Friday, January 25, 2008

Don’t Miss the Final Episode of Miss America: Reality Check!

Tonight at 10 p.m. on TLC the final episode of “MARC” is airing and three women will be named winners.

I am admittedly a pathetic excuse of a pageant blogger because I have not written about the first three episodes. Of course I’ve watched them, but I don’t like writing about things that I have such mixed feelings on.

Luckily though, CNN published something that shares many of my opinions:

Miss America pageant mocks contestants

LAS VEGAS, Nevada (AP) -- She's been dressed up, dressed down, relocated and updated.

Now she's being mocked.

The latest chapter in Miss America's ever-evolving search for viewers and cultural relevance finds the heroine at the butt of the joke.

Her hair is too big, her hairspray totally '80s. Her makeup is clownish. Her gown belongs on an ice skater.

This year's 52 Miss America contestants haven't just been getting judged, they've been getting zinged in "Miss America: Reality Check," a four-part reality series leading up to Saturday's 8 p.m. EST crowning on TLC.

The series, whose final installment airs Friday, has tracked the transformation of beauty queens from old-fashioned "Pageant Pattys," as some in the pageant world say, to modern "It girls."

..."It's someone who doesn't go out and get drunk, but goes out and makes people laugh and has fun on the red carpet," said Sarah Iven, editor in-chief of OK! Magazine and a pageant judge, describing her choice for the tiara. "Not a young woman stuck in an old woman's suit."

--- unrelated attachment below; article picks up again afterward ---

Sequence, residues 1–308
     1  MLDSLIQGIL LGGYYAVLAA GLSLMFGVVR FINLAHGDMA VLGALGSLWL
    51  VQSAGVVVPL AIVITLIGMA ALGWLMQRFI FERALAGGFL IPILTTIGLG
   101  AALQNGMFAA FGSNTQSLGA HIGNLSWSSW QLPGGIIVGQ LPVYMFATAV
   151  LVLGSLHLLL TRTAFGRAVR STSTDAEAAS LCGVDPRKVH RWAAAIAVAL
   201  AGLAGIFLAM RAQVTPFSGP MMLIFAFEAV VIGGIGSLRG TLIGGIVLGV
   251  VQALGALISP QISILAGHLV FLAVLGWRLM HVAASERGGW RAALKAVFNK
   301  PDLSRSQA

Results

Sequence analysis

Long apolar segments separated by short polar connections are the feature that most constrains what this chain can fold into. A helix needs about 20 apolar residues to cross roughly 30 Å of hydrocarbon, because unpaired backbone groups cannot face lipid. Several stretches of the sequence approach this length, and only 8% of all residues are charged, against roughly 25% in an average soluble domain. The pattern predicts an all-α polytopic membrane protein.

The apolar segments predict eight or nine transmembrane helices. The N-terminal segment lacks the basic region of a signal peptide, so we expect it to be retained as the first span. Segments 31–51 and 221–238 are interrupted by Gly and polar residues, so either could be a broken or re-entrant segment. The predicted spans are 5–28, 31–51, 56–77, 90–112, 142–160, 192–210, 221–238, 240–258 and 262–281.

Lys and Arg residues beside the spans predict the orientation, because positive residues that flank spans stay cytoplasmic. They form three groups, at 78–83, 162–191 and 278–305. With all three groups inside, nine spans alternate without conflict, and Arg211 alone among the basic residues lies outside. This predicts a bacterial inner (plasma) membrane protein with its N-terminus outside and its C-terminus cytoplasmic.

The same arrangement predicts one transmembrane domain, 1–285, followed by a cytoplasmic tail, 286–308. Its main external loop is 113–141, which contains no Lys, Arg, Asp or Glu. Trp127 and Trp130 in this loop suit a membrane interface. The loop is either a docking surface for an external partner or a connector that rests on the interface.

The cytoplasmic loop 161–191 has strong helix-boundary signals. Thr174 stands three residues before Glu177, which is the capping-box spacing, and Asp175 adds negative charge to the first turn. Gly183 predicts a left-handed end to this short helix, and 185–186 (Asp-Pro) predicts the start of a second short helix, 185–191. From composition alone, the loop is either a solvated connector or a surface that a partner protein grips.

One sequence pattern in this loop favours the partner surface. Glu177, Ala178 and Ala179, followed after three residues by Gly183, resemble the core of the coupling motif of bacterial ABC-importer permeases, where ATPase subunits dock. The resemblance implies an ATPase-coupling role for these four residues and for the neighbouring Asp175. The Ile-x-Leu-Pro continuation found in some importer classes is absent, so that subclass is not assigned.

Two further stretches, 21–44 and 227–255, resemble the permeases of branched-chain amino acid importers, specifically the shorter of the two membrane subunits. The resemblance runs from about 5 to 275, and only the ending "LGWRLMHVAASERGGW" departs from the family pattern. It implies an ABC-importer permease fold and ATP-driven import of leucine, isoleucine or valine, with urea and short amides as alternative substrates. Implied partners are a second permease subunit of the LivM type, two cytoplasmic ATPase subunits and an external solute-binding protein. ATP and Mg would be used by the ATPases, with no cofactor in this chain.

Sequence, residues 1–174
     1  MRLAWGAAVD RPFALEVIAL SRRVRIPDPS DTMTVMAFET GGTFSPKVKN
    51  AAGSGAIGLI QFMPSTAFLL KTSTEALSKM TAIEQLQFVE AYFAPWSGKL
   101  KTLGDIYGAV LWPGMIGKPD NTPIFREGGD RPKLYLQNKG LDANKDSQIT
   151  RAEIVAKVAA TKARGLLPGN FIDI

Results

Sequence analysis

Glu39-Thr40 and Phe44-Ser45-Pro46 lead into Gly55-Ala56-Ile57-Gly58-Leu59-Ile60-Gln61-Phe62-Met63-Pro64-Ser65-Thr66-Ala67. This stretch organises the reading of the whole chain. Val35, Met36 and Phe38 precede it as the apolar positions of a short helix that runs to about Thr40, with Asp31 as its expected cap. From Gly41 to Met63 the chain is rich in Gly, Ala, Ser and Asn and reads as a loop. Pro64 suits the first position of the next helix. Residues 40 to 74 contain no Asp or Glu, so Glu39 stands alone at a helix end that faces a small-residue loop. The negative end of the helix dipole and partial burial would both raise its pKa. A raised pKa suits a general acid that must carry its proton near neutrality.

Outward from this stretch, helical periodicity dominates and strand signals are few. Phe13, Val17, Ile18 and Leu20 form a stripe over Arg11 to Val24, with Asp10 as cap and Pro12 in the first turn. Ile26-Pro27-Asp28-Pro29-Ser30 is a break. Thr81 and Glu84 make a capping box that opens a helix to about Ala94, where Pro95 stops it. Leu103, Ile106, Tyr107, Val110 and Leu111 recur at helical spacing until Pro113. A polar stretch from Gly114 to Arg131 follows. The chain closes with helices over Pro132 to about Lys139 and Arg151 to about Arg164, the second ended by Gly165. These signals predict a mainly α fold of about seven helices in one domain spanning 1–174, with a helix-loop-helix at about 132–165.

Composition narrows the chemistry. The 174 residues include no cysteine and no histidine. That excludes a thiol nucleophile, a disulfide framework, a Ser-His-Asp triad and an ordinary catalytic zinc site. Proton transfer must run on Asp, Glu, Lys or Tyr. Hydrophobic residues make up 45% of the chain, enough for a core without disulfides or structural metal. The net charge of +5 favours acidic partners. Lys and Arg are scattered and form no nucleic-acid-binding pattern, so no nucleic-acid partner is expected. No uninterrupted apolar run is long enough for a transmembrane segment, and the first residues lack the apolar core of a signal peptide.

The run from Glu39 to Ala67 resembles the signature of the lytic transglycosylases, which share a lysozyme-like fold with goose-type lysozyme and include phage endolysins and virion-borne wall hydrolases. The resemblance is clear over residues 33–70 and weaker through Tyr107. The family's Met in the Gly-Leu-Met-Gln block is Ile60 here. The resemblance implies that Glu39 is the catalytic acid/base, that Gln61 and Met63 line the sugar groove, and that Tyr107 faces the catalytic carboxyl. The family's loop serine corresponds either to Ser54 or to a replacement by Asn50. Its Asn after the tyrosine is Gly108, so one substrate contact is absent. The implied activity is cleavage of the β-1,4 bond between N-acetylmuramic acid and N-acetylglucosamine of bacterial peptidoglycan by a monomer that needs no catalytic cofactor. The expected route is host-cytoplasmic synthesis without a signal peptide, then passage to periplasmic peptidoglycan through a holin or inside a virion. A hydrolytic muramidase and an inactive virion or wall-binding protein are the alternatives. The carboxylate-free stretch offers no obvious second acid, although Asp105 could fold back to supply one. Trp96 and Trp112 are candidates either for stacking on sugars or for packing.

...Setting the contestants up for potential humiliation and cracking jokes at their expense, however tame by reality TV standards, has ruffled the feathers of some longtime pageant devotees.

...Born of a bathing suit revue on Atlantic City's Boardwalk, the pageant is fueled by a vast web of earnest and devoted volunteers who put on and judge pageants in small towns across the U.S. State "prep committees," often made up of middle-aged women, pick out and pay for their contestant's ensemble, perhaps an explanation for the stuffy suits. They've schooled their contestant in a tradition and a look -- and it doesn't have much to do with red carpet style.

I don't think it's going over so well," Jill Massee said. [Miss Georgia's aunt] "I personally think it's a little bit degrading to the Miss America Pageant."

Haskell dismissed such complaints. The old school crowd may be the soul of the pageant, but it can't become the only television audience if Miss America is to have a future.

"If I brought Bert Parks back from the dead to host it, some people would be unhappy about that, he said.

I only copied two-thirds of the paragraphs; CLICK HERE for the whole thing.

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